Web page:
Dublin Global Market: As a shopping spot, Dublin is quite popular among both the Irish people and tourists. Dublin city centre is large enough to house several shopping districts, prominent among which are Grafton and Henry Streets, Stephen's Green Shopping Centre, Jervis Shopping Centre, Powerscourt and Ilac Shopping Centre. On Grafton Street, the most famous shops include Brown Thomas and its sister shop BT2. Brown Thomas houses several boutiques such as Hermès, Tiffany's, Chanel and Louis Vuitton. Dublin city features large department stores, like Clerys on O'Connell Street, Arnotts on Henry Street, Brown Thomas on Grafton Street and Debenham's on Henry Street. Your first purchase when visiting Dublin should be a simple map, or GPS or an iPad to download a map.

Several historic locations remain, including Moore Street, one of the city's oldest trading districts. In addition, there has been a significant growth in local farmers' markets and other alternative markets, while 2007 saw the Dublin Food Co-op, the city's only whole-foods co-operative, relocate to a large warehouse in The Liberties area where it is now also home to a range of market and community events. Suburban Dublin has also expanded since the mid 1990s, with many new retail centres coming up, the prominent ones being Dundrum Town Centre, the largest commercial centre in Europe [on the Dublin Light Rail System (Luas) Green Line], The Square, which has just undergone a major facelift, in Tallaght (on the Luas Red Line), Liffey Valley Shopping Centre in Clondalkin, Northside Shopping Centre in Coolock, and Pavilions Shopping Centre in Swords. The free brochure on Dublin lists all these shops and their opening/closing times, which vary considerably with the locality.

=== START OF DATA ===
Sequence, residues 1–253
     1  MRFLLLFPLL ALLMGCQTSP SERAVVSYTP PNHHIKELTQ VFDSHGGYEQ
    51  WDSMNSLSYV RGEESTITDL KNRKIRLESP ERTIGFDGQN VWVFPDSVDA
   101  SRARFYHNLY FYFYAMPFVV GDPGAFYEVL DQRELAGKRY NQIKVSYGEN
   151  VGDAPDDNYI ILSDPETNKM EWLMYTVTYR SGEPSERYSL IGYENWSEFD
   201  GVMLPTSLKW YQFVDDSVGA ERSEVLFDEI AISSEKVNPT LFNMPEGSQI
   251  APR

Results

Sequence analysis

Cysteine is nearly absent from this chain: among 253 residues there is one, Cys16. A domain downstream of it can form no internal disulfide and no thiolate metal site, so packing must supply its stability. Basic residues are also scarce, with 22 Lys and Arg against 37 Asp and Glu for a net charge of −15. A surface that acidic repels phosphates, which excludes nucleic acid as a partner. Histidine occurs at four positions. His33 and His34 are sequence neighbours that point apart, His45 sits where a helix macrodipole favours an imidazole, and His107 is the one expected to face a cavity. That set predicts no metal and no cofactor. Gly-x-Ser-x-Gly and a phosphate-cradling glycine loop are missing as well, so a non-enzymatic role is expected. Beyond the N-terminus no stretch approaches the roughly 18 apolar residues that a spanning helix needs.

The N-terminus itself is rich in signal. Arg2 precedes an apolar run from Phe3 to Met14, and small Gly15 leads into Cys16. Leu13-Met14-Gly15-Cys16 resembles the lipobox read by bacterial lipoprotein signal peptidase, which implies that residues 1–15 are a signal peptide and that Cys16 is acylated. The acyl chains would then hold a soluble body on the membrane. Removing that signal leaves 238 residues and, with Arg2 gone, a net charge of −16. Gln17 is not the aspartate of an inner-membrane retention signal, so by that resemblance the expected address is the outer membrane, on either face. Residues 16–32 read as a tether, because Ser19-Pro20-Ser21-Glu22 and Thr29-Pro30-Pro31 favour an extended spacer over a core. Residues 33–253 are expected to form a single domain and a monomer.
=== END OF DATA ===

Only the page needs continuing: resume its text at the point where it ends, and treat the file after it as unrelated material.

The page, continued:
The Blanchardstown Shopping Centre: The Blanchardstown Centre in Blanchardstown is the largest shopping centre in the country, spanning two floors and four wings, a large retail park surrounding the centre with even more shops, parking space and a leisure plex with bowling and quasar. Shops here include Dixons, Argos, Penney's, Dunnes Stores and more.

Dublin has been at the core of Ireland's phenomenal economic growth over the last decade and a half, a period of double-digit growth referred to by one and all as the “Celtic Tiger years.” In 2009, Dublin was surprisingly listed as the fourth-richest city in the world. Investment in real estate may be considered once the Euro starts to recover. Now that it is in the public eye, all developments are tracked and reported. The location of a large number of global pharmaceutical, information and communications technology companies in Dublin and the Greater Dublin Area was in the headlines for days on end. Microsoft, Google, Amazon, eBay, PayPal, Yahoo!, Facebook and Pfizer (among others) now have European headquarters and/or operational bases in the city and its suburbs. Intel and Hewlett-Packard have large manufacturing plants in Leixlip, County Kildare, in the vicinity and the internet has made the whole commercial world more than aware of developments through multiple websites.

There are over a dozen Tesco superstores; Sainsbury’s is available for online shopping and home delivery. Marks & Spencer have a store too. Dunnes Stores is an Irish, family owned, mass market retailer in food and textiles.